The Parthenon is a temple that stands atop the Acropolis hill in Athens. It was dedicated to the Greek goddess Athena Parthenos and constructed in the mid-5th century BC ("Athena the Virgin"). The building is best known for its magnificent carved pediment, which depicts the Battle of Marathon between the Greeks and the invading army of the Persian king Xerxes. The sculpture is actually made up of four separate pieces that were removed from the original structure and brought here.
In classical Greece, the word "acropolis" meant "highest point" or "top of the rock". In modern usage, it refers to the raised area of a city's central park or plaza that is usually occupied by government offices, museums, libraries, and other institutions. The term can also be applied to similar elevated places such as the Capitoline Hill in Rome, the Citadel in Jerusalem, or Taipei City Hall in Taiwan.
In ancient Greece, the acropolis was a fortified site protectable by human labor alone; therefore, no cannon were used to defend it. Instead, soldiers on the battlements shot arrows at approaching enemies. To prevent this kind of defense from being overrun by more numerous forces, cities often had several layers of defensive walls and towers. The acropolis was protected by two lines of defense: an outer wall and an inner sanctum.
The Athens Acropolis The Parthenon is a magnificent marble temple erected during the height of the Greek Empire between 447 and 432 B.C. The Parthenon, dedicated to the Greek goddess Athena, stands high atop the Acropolis of Athens, a complex of temples. It was built as the main temple to house the Athenian treasury and other important documents. The structure uses Pentelic marble and measures 43 meters long by 22 meters wide.
The building sits on a base of limestone with a pavement of marble in its interior. Above the entrance door are carved symbols representing Earth, Wind, and Water. Inside are large numbers of statues, some of which were removed from the Erechtheion, another temple on the Acropolis. They include figures of Nike (Hope), Pallas Athene (Athenea: "Unconquerable"), Hephaestus (God of Metals), and Ares (War). There are also fragments of paintings on the walls dating from about 450 B.C. One of these pictures shows the Battle of Marathon where Greeks defeated an invasion by the Persians. Another picture shows King Theseus killing the Minotaur, a monster born of a human mother and a bull. Finally, there's a picture of Ariadne, who abandoned Theseus after he deserted her on the island of Naxos. Heartbroken, she followed him into death when he was killed by the Minotaur.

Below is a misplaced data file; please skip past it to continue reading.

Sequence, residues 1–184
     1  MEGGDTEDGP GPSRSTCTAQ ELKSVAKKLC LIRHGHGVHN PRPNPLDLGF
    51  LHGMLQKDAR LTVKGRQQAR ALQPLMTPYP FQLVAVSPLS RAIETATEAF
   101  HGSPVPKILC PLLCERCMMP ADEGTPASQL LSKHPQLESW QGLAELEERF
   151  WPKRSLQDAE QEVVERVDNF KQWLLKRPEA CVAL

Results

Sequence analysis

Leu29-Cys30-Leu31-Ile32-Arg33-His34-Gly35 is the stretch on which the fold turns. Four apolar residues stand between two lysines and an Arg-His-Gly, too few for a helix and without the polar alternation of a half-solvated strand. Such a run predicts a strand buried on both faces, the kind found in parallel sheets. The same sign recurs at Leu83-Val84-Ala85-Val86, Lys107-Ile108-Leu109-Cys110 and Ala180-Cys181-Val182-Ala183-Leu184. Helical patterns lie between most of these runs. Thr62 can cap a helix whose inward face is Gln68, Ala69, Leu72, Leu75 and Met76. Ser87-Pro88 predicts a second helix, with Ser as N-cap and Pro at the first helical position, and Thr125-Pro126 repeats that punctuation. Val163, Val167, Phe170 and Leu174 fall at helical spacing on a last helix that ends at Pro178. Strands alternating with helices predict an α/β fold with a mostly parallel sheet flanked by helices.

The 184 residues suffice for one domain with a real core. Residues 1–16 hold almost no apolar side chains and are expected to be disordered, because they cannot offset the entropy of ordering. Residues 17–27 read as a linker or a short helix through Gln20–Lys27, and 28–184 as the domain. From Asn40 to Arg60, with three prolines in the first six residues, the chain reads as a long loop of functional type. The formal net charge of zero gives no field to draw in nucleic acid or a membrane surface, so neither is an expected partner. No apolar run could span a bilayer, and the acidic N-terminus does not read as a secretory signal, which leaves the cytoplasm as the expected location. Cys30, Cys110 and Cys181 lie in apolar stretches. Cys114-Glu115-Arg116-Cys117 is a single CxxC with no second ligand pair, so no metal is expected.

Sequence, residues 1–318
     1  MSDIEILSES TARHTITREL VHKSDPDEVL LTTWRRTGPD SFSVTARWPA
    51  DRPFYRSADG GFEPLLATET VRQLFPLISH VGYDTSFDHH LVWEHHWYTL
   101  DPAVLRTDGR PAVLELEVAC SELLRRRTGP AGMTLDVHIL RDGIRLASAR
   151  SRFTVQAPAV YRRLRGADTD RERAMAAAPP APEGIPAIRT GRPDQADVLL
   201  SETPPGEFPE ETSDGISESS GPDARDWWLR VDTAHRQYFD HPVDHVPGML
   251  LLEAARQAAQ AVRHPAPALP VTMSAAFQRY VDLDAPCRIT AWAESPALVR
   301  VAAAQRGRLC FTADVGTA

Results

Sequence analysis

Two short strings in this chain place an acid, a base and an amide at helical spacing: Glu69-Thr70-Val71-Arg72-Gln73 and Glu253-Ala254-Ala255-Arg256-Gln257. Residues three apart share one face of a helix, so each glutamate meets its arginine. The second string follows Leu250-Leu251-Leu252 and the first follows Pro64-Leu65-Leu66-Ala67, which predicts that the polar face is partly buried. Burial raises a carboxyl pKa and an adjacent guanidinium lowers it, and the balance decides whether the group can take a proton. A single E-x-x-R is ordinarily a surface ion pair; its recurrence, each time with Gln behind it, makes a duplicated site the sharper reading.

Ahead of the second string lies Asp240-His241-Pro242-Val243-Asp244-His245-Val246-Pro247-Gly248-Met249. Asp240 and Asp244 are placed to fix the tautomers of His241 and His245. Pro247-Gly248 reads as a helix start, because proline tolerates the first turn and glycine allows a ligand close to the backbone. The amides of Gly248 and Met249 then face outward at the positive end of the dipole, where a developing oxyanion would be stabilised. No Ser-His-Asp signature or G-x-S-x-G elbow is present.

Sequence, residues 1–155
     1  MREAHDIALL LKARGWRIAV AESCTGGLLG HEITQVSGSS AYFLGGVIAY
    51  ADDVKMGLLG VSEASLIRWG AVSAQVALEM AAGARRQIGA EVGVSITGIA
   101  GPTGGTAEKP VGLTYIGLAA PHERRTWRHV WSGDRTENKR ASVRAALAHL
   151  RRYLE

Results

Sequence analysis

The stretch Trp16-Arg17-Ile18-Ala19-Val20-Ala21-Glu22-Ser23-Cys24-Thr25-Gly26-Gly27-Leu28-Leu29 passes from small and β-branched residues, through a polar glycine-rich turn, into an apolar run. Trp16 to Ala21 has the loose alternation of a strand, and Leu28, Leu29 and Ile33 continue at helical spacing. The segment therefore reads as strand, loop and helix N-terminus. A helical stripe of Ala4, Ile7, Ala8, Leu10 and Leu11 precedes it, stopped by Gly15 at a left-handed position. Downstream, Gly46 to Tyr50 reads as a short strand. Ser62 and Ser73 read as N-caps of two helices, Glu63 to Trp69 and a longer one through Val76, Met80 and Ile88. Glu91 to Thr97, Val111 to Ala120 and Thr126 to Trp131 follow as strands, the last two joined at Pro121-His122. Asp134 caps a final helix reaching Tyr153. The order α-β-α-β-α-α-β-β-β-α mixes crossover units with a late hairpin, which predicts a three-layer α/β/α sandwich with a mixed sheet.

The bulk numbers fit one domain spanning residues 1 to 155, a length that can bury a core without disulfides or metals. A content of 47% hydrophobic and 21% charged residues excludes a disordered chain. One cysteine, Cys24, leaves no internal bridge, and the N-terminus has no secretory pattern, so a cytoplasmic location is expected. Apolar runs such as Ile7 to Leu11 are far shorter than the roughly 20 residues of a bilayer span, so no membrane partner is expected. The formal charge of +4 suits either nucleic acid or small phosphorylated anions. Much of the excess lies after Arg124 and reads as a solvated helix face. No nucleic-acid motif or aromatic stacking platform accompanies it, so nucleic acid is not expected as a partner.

The Parthenon (/'pa: [email protected], nan, [email protected]/; Ancient Greek: Parthenon, Parthenon, [par.the.no: n]; Greek: Parthenonas, Parthenonas, [parthe' nonas]) is an ancient temple devoted to the goddess Athena, whom the Athenians regarded their patroness. The building was completed in 447 BC by Pericles, who had planned to dedicate it himself but died before he could do so. It was burned down by the Persians in 480 BC but was rebuilt within eight years.
Athena was the goddess of wisdom and warfare. She appeared first as a young woman with a spear and a helmet to encourage the people of Athens to fight against the invading forces of Sparta. As she grew older, she became associated with other aspects of wisdom such as craftsmanship and strategy, and was often depicted wearing a robe and necklace designed by Hephaestus, her father. In some versions of the story, it is Athena who creates Pandora from Earth's elements to give to Prometheus as a gift. Once given human form, Pandora opened the first of her six jars, releasing all the evils that plague mankind. Zeus, angry at Prometheus for giving man fire, punished him by making him live out eternity in the body of a ravening wild animal. It is Athena who finally restores Prometheus's humanity after she has fallen in love with him.
Athena was usually represented as a beautiful young woman with a spear and a winged helmet.